reflective #3: insight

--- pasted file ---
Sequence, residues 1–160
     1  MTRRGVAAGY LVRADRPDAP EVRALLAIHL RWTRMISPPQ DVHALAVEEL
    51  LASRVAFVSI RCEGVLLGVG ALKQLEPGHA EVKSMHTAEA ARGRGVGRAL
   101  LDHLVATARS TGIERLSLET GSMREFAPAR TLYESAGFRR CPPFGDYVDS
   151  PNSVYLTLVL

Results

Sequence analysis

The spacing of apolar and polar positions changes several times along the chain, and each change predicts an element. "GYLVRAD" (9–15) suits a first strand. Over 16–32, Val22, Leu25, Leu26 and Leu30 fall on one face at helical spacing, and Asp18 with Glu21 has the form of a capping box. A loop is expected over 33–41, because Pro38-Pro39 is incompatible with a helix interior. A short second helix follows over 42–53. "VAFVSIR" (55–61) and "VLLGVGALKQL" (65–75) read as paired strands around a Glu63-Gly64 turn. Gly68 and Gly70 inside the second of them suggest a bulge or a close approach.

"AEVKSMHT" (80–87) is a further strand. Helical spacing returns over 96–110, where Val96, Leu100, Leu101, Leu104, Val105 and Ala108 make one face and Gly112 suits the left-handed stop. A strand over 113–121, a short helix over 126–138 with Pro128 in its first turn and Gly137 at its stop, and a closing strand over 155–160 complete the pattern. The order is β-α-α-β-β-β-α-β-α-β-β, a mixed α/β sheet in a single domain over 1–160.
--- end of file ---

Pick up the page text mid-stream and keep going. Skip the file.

One of the most intriguing things about our conversation on Tuesday was, I thought, the fact that no group actually challenged Stephanson's thesis entirely. Yes, we raised objections to specific claims, and yes, we had some disagreement about the precise scope of Stephanson's argument. But no one tried to prove that the US was not a country animated by a sense of its own election, especially when acting on the world stage. I wonder about that. Is it just that Stephanson is somehow right? Or is it that his thesis conforms to the way that we Americans think of ourselves? There is something ironic about a book on manifest destiny, I think, in that anyone already convinced that the country actually is specially chosen will read such a book, even if the book itself is gently critical of the notion, as an affirmation of what they already know to be true. Under such circumstances, it's tough to determine whether our reaction to the book is really a reaction to the author's argument, or to the claims of chosenness themselves. It's difficult to keep the claim of chosenness separate from the claims about claims of chosenness.

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